Social media is now at the very core of our culture and gone are the days when websites like Myspace and Facebook were nothing more than a guilty pleasure of adolescents and college students. Social media outlets like Facebook, Twitter, Instagram, Snapchat, and numerous others are now utilized not only by our younger generations, but also corporate giants, local businesses, celebrities, and just about everyone, everywhere. The use of social media in the professional healthcare setting is widely accepted, but with it comes ever growing concerns about patient privacy and the consequences associated with the unauthorized use and disclosure of protected health information. Consider the following scenarios:
- A nursing student creates a post on her Myspace page that details her experience with a mother's birth of her child. Although the post does not contain the mother's name, the student's Myspace page indicates the hospital at which the birth occurred, the date of the birth, and details of the medical treatment administered during the birth.
- A nurse posts a statement on her Facebook page excitedly sharing that she met a celebrity at work today and identifies the celebrity by name.
- A receptionist at a physician's office snaps a photo of a patient in the waiting room and posts it on Facebook with a comment that he is drug-seeking. The comment also contains the name of the patient's employer and details regarding the patient's referral to another medical provider.
- A medical student obtains video of a physician inserting a chest tube into a patient and posts the video on YouTube. The patient's face is visible in the video.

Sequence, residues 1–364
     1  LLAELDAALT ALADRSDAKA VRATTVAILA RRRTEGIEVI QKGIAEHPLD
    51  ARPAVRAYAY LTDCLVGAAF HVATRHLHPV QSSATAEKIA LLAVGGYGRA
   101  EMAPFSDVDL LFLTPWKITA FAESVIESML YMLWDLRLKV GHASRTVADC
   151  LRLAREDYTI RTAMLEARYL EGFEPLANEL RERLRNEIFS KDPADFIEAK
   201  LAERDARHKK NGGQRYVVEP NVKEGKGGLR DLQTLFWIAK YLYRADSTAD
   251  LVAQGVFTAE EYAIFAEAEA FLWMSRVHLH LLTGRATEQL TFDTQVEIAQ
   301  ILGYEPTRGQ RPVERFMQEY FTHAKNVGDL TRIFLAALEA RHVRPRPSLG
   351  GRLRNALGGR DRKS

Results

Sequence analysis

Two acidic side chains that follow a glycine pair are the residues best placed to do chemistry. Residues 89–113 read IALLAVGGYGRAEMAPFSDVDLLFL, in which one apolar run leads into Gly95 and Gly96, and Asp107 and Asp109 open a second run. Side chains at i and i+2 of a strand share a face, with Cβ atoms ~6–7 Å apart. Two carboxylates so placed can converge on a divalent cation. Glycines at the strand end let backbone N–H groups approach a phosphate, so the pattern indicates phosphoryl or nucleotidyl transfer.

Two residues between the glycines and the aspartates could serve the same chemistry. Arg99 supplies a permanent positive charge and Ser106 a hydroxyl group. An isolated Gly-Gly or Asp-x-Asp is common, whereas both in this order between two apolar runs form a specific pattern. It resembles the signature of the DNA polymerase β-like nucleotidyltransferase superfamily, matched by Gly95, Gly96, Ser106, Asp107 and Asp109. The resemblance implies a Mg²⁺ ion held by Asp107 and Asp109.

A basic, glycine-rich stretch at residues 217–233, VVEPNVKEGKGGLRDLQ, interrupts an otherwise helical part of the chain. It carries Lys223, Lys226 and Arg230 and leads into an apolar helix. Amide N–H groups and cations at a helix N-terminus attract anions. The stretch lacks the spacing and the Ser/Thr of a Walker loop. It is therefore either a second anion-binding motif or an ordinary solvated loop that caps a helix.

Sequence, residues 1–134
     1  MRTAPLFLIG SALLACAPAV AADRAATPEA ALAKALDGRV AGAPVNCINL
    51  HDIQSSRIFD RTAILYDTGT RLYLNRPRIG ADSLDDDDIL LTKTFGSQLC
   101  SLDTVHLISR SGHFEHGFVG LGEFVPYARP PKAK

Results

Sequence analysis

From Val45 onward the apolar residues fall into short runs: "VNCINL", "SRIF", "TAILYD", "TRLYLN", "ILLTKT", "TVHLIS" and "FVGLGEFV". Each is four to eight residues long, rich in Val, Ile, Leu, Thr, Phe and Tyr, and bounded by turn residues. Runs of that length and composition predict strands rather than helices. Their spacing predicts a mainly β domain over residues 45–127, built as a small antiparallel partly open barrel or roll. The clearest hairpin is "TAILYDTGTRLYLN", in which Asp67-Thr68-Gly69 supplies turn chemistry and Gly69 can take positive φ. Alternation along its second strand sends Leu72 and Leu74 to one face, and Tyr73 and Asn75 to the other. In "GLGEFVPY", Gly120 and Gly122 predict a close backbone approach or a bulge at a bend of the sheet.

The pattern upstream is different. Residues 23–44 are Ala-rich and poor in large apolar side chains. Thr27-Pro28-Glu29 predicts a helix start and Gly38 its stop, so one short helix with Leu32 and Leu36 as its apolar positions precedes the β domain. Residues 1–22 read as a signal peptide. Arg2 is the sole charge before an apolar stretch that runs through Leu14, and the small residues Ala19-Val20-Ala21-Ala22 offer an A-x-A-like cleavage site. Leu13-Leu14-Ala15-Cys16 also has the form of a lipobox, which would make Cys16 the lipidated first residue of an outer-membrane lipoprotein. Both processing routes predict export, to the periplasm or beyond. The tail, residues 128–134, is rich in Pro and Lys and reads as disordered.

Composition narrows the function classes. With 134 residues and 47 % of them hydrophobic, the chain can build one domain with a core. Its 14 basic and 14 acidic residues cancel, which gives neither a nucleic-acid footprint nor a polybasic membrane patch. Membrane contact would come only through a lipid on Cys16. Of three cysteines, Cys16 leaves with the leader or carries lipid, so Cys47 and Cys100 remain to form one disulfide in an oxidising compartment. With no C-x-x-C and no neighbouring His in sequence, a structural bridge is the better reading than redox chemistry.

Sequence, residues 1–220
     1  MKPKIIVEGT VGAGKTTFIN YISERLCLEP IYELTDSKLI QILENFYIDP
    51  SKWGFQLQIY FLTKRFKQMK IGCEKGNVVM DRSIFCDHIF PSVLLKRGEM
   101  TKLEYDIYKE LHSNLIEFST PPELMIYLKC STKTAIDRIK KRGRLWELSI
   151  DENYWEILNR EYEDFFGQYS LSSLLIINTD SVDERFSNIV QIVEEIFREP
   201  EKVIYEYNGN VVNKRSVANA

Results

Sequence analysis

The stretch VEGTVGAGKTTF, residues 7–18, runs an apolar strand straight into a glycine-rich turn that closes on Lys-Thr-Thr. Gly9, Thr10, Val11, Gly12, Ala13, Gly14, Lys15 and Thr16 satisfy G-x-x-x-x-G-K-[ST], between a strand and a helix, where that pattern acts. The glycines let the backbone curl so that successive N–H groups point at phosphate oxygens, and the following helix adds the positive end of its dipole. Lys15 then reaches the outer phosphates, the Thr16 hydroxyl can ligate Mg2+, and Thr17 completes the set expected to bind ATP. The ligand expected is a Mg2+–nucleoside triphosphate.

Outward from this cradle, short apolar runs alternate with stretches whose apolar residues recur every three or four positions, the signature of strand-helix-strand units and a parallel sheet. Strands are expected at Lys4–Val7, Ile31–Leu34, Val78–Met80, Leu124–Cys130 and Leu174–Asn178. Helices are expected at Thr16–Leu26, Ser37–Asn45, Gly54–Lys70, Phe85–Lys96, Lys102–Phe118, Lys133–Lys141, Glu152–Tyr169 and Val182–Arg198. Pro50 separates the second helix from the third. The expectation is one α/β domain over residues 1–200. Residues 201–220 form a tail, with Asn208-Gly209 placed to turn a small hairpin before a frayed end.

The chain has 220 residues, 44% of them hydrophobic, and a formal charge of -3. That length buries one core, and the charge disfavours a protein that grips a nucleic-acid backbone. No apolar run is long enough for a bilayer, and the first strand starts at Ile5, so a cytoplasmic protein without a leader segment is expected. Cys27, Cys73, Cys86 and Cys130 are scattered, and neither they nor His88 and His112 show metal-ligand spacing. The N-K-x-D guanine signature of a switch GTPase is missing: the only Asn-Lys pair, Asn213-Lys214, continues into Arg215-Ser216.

- Employees of a nursing home use Snapchat to record and transmit videos of themselves harassing the residents.
Each of these scenarios implicates serious patient privacy concerns that have the potential to expose the healthcare provider, as well as the provider's employer, to a variety of administrative, civil, and potentially criminal penalties. It does not matter that the social media posts omit the patient's name or other identifiers. Rather, the Health Insurance Portability and Accountability Act (HIPAA) defines protected health information to include individually identifiable health information, meaning any health information created or received by the health care provider that relates to the past, present or future physical or mental health or condition of a patient. § 45 C.F.R. §§ 164.501, 164.502, 160.103. Therefore, social media posts containing information regarding a patient's physical or mental health, or condition will likely constitute HIPAA violations if disclosed to unauthorized users for a purpose unrelated to the patient's treatment or other limited exceptions.
In the first scenario, irrespective of the fact that the Myspace post contains no information regarding the patient's name, the patient-specific information in the post discusses the patient's pregnancy and healthcare, and was found by a Federal District Court to implicate patient privacy concerns. In the second scenario, although the nurse did not identify the celebrity as a patient or specify the treatment provided, her profile page identifies the hospital at which she works and the date on which the post was made. The remaining three scenarios are much easier to identify, as the patient's identity is clearly depicted.